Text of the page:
Ashley Wood: Alternative Credit Data Could Help More Seniors Gain Access to Mortgages


BLOG VIEW: The mortgage industry has made progress in recent years to expand access to credit for more U.S. consumers as advancements in technology, new tools, and data sets have helped provide greater visibility to millions of consumers. 

Today, mortgage lenders are leveraging traditional credit scores, verification of income and employment data, consumer asset data, and even borrowers’ telecommunications, pay TV, and utility payment data to make more informed lending decisions and guide more Americans toward a responsible path to homeownership. 

For millions of Americans, the dream of homeownership is becoming a reality and is serving as that critical foundation for establishing meaningful, long-term, generational wealth. And while most of the attention has been given to the impact of financial inclusion on young or middle-aged first-time homebuyers, it is crucial for our industry to remember that the pathway to homeownership and refinance can happen at different seasons of life for each borrower. 

Unfortunately, one consumer sector feels left out of the push toward financial inclusion: America’s seniors.

As hard as it may be to believe, we see instances of senior citizens – particularly those 70 or older – facing difficulty securing mortgages. A recent study titled, “Are Older Mortgage Applicants More Likely To Be Rejected?” by The Center for Retirement Research at Boston College found two leading reasons stated for application rejection tied to age: debt-to-income ratios and insufficient collateral for seniors. 

In the case of debt-to-income, this is most often attributable to retirees’ income levels dropping once they are no longer earning a paycheck (or, at least, at the same level as pre-retirement) and may also be impacted by existing medical debt. In the case of insufficient collateral, particularly as it relates to home equity lending, the study states this is often “consistent with older applicants who are forced to carry a mortgage into retirement being more financially distressed, as they may lack the funds to pay for adequate maintenance” on their homes. The lack of maintenance then negatively impacts the amount of home equity they have available to draw against as collateral.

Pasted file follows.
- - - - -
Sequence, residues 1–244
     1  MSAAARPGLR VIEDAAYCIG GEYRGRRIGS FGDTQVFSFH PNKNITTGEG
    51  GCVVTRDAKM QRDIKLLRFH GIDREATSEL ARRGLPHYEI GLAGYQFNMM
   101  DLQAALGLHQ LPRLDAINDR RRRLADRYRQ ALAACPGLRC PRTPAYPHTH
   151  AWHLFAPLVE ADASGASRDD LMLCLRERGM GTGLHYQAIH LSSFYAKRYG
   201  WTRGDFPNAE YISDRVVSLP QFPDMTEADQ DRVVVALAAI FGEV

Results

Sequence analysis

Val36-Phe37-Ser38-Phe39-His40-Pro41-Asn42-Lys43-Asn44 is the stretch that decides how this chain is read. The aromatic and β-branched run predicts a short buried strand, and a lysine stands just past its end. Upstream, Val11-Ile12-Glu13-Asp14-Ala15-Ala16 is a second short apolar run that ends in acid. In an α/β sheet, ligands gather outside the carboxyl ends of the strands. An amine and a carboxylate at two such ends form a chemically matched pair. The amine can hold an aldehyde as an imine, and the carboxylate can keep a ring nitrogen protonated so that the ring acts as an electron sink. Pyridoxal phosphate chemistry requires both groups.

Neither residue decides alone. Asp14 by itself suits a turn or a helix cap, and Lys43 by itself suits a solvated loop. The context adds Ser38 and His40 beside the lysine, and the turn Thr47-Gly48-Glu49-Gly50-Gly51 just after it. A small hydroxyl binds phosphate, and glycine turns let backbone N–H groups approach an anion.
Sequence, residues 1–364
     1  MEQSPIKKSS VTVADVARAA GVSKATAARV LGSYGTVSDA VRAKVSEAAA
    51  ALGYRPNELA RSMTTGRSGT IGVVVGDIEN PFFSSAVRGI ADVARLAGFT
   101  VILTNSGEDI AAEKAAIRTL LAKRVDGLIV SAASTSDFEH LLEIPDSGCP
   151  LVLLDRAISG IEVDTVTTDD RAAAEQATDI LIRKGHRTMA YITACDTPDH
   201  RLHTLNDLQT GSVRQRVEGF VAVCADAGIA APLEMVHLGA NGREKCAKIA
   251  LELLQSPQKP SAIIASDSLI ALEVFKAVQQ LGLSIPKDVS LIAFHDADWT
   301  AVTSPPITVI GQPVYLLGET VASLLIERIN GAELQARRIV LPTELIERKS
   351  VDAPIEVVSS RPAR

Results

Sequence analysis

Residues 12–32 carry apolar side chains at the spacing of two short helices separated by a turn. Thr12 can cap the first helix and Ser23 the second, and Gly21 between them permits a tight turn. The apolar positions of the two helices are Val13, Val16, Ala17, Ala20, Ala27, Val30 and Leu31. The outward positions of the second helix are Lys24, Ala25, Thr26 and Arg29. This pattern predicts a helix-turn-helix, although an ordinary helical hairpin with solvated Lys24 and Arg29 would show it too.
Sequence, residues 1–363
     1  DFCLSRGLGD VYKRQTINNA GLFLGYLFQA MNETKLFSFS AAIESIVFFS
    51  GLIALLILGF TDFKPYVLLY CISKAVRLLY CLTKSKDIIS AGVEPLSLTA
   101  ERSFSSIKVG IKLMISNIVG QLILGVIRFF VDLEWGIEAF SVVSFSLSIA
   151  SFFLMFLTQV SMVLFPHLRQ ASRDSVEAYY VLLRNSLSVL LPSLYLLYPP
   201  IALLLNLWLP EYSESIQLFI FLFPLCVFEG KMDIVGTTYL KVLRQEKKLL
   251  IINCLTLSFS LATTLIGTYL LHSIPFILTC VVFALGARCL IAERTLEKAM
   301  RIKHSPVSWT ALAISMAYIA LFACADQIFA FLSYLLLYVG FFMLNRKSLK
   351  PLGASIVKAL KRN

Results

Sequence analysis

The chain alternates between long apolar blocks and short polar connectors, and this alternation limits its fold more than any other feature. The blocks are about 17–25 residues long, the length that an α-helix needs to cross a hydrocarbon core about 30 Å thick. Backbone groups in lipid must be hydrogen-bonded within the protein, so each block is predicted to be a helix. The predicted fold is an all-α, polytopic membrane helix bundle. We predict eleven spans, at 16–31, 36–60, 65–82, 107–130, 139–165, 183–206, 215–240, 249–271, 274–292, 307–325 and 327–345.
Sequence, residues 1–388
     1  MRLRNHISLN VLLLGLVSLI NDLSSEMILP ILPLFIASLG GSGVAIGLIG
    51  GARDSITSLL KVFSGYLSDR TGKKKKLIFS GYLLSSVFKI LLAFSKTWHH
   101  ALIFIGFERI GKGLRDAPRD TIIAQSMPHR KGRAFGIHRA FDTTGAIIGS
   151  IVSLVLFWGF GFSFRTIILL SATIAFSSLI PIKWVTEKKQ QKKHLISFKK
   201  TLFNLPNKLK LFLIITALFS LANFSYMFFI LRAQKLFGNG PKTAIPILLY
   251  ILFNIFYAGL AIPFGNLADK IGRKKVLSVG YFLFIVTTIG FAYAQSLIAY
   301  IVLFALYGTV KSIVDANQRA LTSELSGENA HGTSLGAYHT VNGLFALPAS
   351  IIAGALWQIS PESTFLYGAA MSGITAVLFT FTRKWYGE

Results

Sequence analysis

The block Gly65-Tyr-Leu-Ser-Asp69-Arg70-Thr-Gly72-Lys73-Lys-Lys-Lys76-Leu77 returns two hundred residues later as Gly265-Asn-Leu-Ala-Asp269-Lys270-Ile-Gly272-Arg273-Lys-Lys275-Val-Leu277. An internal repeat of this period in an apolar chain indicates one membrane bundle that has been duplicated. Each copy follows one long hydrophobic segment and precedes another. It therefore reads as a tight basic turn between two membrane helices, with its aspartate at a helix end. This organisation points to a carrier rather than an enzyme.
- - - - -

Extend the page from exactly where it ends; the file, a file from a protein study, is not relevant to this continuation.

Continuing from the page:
Perhaps most distressing is lenders questioning whether it makes sense on their balance sheets to originate a mortgage loan that may outlive its borrower. Age-related mortality risk may be an additional factor considered for elderly loan applicants. The study summarized that “the probability of rejection of an application increases with age. This result is surprising because credit score and wealth are positively correlated with age.” 

So what can be done to help alleviate the situation and help more seniors responsibly gain access to mortgage loans? In addition to new data sets like telecommunications, pay TV, and utility payment data, which can provide greater visibility into some borrowers’ accurate financial picture, access to pension data as part of the verification of income has the potential to positively impact older retirees’ ability to take out a mortgage. While the number has declined over the decades, today, 30 percent of older Americans still receive a pension (or defined benefit income). That income can make a difference when it comes to mortgage applications. 

The mortgage process may already be proportionally more difficult for older people. When lenders request that the applicant provide paper or digital pay stubs or verifications of income, the burden may be larger for the elderly who tend to be less comfortable with computers and internet usage. The lift to find the required documentation, whether that is a paper or electronic version, could be difficult or take a significant amount of time. The use of instant and automated verifications of income and employment, including pension data, may make this process smoother and less burdensome for older applicants.

As lenders continue to focus their attention on – and make investments to support – true financial inclusion, it is imperative that we, as an industry, consider that the pathway to homeownership has many routes, and look at ways to help borrowers achieve their financial goals, no matter their season of life.

Ashley Wood is vice president, mortgage verification services, Equifax Workforce Solutions.

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